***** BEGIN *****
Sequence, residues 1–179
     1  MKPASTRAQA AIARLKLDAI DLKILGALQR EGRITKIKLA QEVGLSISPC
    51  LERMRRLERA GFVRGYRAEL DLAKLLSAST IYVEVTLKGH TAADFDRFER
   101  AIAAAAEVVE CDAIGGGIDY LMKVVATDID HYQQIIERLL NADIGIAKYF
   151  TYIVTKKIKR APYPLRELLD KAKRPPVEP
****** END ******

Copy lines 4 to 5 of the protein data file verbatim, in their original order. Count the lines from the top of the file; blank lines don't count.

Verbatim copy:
   101  AIAAAAEVVE CDAIGGGIDY LMKVVATDID HYQQIIERLL NADIGIAKYF
   151  TYIVTKKIKR APYPLRELLD KAKRPPVEP